Even though any decent broadband connection will suffice for illegally sharing copyrighted movies and TV shows, at least two movie studios believe that the faster speeds offered by Google Fiber will result in billions of additional lost dollars for the entertainment industry. [More]

Convicted Pirate Bay Co-Founder Says Site Should Stay Shuttered

Convicted Pirate Bay Co-Founder Says Site Should Stay Shuttered

Yesterday, police in Sweden raided file-sharing mega-site The Pirate Bay and confiscated its servers and computers, taking it offline and leaving lots of people with partially downloaded files. While it’s not outside the realm of possibility that the Bay could be rebuilt and brought back to life, one of the people who spent time in jail for his involvement with the site says it’s time to say farewell. [More]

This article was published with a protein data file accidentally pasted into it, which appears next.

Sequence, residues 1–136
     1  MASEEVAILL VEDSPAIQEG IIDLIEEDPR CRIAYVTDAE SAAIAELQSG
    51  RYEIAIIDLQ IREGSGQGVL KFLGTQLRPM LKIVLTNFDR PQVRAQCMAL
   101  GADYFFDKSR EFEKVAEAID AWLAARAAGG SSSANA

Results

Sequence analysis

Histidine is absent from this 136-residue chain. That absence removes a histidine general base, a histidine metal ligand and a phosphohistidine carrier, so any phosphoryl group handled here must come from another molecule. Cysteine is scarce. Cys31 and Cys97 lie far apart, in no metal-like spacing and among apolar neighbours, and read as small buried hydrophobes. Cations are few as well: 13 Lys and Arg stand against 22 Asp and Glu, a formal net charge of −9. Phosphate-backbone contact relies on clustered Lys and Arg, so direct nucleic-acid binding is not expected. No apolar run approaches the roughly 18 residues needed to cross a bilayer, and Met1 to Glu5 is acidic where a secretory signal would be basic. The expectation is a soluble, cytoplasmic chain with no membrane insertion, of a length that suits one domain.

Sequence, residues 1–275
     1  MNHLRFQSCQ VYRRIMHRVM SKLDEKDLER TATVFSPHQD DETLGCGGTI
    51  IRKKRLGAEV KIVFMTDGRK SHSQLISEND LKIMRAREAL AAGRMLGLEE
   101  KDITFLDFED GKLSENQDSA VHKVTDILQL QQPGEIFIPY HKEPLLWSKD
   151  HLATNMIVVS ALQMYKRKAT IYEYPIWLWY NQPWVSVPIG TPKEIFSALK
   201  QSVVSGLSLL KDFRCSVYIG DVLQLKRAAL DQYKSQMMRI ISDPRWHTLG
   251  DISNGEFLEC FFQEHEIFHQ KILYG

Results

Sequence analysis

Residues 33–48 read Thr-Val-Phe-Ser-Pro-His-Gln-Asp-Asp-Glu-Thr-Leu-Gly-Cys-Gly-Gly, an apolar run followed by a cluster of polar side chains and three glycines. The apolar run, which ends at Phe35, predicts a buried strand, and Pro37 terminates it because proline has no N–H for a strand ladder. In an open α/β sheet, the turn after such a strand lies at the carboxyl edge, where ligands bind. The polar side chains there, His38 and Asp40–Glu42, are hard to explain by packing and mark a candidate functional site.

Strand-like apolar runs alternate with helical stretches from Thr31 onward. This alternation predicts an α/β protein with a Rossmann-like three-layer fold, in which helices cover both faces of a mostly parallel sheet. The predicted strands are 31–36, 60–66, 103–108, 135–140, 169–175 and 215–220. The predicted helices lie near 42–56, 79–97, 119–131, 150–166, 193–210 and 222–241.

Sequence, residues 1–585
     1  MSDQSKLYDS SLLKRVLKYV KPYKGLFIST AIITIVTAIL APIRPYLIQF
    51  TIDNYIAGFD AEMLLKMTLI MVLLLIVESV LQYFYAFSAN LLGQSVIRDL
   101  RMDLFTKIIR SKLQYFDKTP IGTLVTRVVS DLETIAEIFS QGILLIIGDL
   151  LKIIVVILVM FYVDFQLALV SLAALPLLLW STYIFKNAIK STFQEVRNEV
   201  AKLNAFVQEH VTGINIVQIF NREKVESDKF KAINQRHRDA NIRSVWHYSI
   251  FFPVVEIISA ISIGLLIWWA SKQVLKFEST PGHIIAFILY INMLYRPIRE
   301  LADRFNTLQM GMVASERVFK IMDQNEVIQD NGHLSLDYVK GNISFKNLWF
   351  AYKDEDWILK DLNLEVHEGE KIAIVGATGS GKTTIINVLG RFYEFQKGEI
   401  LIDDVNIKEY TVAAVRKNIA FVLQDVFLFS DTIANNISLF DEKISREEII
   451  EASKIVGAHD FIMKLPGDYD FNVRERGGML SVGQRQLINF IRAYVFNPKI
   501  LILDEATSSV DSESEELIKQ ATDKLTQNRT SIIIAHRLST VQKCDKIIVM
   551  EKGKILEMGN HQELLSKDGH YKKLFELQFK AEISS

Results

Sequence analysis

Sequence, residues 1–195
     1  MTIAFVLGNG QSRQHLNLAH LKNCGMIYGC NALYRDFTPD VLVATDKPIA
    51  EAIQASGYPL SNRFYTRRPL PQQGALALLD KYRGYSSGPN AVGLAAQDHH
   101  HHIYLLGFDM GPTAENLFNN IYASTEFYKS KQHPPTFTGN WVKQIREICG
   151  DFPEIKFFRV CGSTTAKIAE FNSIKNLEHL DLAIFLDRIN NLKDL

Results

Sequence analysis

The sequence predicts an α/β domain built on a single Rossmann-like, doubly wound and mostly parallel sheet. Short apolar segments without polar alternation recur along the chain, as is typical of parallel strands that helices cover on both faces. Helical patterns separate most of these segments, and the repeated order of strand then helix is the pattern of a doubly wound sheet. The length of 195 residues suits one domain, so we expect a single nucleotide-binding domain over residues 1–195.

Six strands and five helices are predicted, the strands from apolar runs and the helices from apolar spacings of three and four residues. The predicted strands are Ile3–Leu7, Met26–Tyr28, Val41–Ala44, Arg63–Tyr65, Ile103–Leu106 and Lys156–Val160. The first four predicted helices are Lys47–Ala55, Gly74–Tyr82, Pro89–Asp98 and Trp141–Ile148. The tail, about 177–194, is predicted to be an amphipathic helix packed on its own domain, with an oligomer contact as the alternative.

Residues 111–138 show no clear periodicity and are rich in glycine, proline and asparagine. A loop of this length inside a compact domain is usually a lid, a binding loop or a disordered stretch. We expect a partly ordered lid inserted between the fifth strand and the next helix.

The producers of Elf-Man sought default judgements of $30,000 against each defendant accused of pirating the movie.

Judge: $30K Penalty For Pirating Movies Is “Excessive Punishment”

If police catch you racing down the highway at 25 mph over the speed limit, you’ll probably have to pay a ticket in the low three-figure range, even though you were putting your life and the lives of others at risk. But get accused of illegally downloading a movie and you should have to pay $30,000? Not according to a federal judge in Washington state. [More]

(Mrs. Gemstone)

Disney’s Search Engine Patent Lumps Movie Piracy In With Child Porn

The folks at Disney have patented a search engine that ranks and filters out results based on “authenticity” metrics, allowing it to exclude “undesirable” results, which it describes only as “results referencing piracy websites, child pornography websites, and/or the like,” lumping in people trying to watch Finding Nemo for free with dangerous sexual predators. [More]

We sure hope handsome, scruffy bike guy isn't en route to the movies, because he'll have to ditch his pricey specs before the movie starts.